NOCERA: The tables are turned on Rupert Murdoch

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Joe NoceraYou have to love the fact that when John Yates resigned this month as assistant commissioner of Scotland Yard he complained about the “huge amount of inaccurate, ill-informed and, on occasion, downright malicious gossip” that had finally forced his hand.

My first thought was: He didn’t really say that, did he?

When the writers and editors of the late, unlamented News of the World were busy bribing Yates’ police officers, what they wanted in return was—gosh!—malicious gossip. When they were hacking the phones of royal family members and murdered teenagers, they were seeking, you know, malicious gossip. When the recently arrested Rebekah Brooks called Gordon Brown, the former prime minister, to tell him that Rupert Murdoch’s Sun, which she then edited, was about to reveal that his infant child had cystic fibrosis—information that Brown is convinced came from a hacked phone message—she was telling him the paper was going to print a piece of gossip that a more humane institution would have let pass. She might not have viewed this as malicious, but the Brown family certainly did.

Let’s be honest here. There is something undeniably rich about seeing the tables turned like this. When I see photographs of Brooks, or Murdoch, or his son James (who until a few weeks ago, was his father’s heir apparent at News Corp.), sitting in their cars, staring blankly ahead, I can just picture the paparazzi horde jostling to get a decent shot of its prey. Murdoch’s papers have always feasted on scandals like this, picking the bones of its victims. Now Murdoch’s the one whose bones are being picked.

“The schadenfreude is so thick you can’t cut it with a chainsaw,” wrote The Wall Street Journal in an editorial, defending Rupert Murdoch and News Corp. (That’s right. After woefully undercovering the scandal in its news pages, The Journal’s editorial page is now leaping to the defense of its owner. Proving, yet again, that The Journal knows where its bread is buttered.)

Although I generally admire entrepreneurs who build giant companies, Rupert Murdoch, despite giving us Homer Simpson, generally has not been a force for good over the course of his long career. His Bill O’Reilly-ed, Glenn Beck-ed Fox News has done a great deal to coarsen the political discourse. His tabloids have lowered the standards of journalism on three continents—and routinely broken the law on at least one of them.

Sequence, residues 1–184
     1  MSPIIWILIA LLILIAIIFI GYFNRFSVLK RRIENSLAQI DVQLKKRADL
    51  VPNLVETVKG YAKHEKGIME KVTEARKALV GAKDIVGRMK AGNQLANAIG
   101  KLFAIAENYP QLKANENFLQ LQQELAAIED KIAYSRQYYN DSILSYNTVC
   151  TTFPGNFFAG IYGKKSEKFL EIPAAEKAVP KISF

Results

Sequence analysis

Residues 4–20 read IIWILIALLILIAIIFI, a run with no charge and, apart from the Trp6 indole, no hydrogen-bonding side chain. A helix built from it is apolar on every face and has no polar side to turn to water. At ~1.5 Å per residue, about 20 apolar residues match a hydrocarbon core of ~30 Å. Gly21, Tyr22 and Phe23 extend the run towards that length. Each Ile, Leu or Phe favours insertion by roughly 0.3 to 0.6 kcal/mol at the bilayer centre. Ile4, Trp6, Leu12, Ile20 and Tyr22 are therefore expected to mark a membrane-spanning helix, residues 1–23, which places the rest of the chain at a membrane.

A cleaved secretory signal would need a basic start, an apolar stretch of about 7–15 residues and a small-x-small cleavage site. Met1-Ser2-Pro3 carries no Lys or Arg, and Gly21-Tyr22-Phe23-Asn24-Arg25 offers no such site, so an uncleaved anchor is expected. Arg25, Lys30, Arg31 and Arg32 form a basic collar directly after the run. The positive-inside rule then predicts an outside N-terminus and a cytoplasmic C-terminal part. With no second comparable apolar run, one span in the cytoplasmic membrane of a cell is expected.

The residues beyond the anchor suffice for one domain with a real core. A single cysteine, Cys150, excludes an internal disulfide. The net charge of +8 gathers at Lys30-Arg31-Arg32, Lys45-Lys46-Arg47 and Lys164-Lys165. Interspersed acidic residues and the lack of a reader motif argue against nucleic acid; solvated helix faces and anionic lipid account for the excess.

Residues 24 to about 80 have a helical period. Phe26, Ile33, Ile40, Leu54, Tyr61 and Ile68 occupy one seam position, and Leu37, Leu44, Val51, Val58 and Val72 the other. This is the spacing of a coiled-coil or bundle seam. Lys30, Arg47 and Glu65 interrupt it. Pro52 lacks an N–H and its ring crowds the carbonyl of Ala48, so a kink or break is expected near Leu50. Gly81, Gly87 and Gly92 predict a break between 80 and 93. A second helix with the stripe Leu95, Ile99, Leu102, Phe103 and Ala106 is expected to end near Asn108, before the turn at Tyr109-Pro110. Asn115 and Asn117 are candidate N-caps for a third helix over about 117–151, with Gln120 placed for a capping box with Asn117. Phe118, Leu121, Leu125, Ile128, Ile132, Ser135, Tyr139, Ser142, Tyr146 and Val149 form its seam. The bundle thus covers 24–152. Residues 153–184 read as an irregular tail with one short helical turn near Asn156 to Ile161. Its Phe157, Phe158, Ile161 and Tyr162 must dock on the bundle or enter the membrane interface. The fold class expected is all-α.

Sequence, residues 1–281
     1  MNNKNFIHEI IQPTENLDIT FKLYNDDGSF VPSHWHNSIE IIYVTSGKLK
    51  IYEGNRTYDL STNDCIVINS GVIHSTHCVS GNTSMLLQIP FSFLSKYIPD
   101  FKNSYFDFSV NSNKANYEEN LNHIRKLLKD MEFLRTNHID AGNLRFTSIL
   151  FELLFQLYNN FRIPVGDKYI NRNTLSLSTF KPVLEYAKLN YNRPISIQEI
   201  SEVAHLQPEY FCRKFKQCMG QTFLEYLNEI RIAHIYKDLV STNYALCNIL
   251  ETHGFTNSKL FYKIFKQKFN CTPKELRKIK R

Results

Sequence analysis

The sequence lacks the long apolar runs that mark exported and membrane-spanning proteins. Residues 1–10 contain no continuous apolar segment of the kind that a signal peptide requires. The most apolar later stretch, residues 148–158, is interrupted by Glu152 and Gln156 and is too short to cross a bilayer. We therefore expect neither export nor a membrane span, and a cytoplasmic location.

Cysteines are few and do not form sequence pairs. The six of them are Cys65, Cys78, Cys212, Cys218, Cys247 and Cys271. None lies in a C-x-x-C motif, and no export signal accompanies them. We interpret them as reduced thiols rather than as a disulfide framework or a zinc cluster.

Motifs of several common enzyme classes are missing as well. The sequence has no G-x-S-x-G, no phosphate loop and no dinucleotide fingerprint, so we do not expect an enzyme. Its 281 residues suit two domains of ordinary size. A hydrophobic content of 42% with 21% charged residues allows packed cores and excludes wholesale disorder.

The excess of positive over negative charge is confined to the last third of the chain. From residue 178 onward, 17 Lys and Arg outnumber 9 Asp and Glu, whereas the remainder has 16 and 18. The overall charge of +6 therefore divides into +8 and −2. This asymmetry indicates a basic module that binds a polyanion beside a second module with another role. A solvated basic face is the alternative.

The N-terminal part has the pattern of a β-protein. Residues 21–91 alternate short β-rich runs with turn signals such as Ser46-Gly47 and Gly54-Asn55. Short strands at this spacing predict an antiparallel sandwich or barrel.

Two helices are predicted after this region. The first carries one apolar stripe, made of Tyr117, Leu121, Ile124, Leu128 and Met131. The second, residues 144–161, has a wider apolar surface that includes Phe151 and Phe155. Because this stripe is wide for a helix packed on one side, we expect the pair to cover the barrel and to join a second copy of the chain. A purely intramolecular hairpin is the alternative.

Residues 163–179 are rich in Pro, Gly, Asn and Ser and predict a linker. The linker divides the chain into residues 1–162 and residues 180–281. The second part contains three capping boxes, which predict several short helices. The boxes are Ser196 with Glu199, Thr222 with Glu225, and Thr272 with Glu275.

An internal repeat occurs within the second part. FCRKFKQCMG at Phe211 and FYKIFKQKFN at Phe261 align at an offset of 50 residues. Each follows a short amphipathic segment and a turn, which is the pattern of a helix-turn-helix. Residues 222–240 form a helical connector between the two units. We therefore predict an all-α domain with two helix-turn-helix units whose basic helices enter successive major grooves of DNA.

He had dumbed down his prestige papers, like The Times of London. He has run roughshod over cross-ownership rules meant to prevent one man or company from having too much power—and then used his lobbying might to get those rules diluted. He has put kowtowing to China ahead of freedom of the press, even killing a book set to be published by his HarperCollins unit that the Chinese authorities objected to. He has consistently used his media properties to reward allies and punish enemies. It’s a long list.

Throughout his career, Murdoch has never just been satisfied with besting the competition, as most decent businessmen are. He’s not truly happy unless he has his foot on a competitor’s neck and is pressing it downward. Felix Salmon, a blogger for Reuters, unearthed testimony about an executive who ran one of Murdoch’s more obscure divisions. “I will destroy you,” the man told a competitor, according to the testimony.

One feature of Murdoch’s career is that he’s never played by the rules that apply to other businessmen. That’s one reason I think he seems so shellshocked in those paparazzi photographs: unable in this dire circumstance to make his own rules, he simply doesn’t know how to react or what to do.

In the e-mails I trade back and forth with friends, we can’t stop marveling at the scandal, at the head-spinning twists and turns. “It’s the best kind of story,” one wrote me, “because none of us really knows how it ends.”•


Nocera is a New York Times columnist. Send comments on this column to

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